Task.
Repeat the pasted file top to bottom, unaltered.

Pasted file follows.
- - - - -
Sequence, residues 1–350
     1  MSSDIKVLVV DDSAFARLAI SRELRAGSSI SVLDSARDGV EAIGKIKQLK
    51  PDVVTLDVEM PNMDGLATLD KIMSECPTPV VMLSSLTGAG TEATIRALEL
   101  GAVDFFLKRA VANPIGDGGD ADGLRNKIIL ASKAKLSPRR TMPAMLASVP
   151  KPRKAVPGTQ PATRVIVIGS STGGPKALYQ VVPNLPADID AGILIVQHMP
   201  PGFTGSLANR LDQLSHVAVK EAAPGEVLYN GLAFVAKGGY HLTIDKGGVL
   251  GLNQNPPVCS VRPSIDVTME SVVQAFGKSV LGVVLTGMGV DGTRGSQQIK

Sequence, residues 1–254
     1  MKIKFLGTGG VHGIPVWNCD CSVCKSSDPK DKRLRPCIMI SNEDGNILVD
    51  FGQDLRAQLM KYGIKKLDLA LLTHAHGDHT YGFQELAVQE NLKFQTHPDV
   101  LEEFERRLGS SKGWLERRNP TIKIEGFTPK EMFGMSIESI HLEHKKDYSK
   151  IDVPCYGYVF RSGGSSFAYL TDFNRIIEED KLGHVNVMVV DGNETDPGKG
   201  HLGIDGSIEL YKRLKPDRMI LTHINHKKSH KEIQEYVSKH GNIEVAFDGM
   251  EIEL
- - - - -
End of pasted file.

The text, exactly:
Sequence, residues 1–350
     1  MSSDIKVLVV DDSAFARLAI SRELRAGSSI SVLDSARDGV EAIGKIKQLK
    51  PDVVTLDVEM PNMDGLATLD KIMSECPTPV VMLSSLTGAG TEATIRALEL
   101  GAVDFFLKRA VANPIGDGGD ADGLRNKIIL ASKAKLSPRR TMPAMLASVP
   151  KPRKAVPGTQ PATRVIVIGS STGGPKALYQ VVPNLPADID AGILIVQHMP
   201  PGFTGSLANR LDQLSHVAVK EAAPGEVLYN GLAFVAKGGY HLTIDKGGVL
   251  GLNQNPPVCS VRPSIDVTME SVVQAFGKSV LGVVLTGMGV DGTRGSQQIK

Sequence, residues 1–254
     1  MKIKFLGTGG VHGIPVWNCD CSVCKSSDPK DKRLRPCIMI SNEDGNILVD
    51  FGQDLRAQLM KYGIKKLDLA LLTHAHGDHT YGFQELAVQE NLKFQTHPDV
   101  LEEFERRLGS SKGWLERRNP TIKIEGFTPK EMFGMSIESI HLEHKKDYSK
   151  IDVPCYGYVF RSGGSSFAYL TDFNRIIEED KLGHVNVMVV DGNETDPGKG
   201  HLGIDGSIEL YKRLKPDRMI LTHINHKKSH KEIQEYVSKH GNIEVAFDGM
   251  EIEL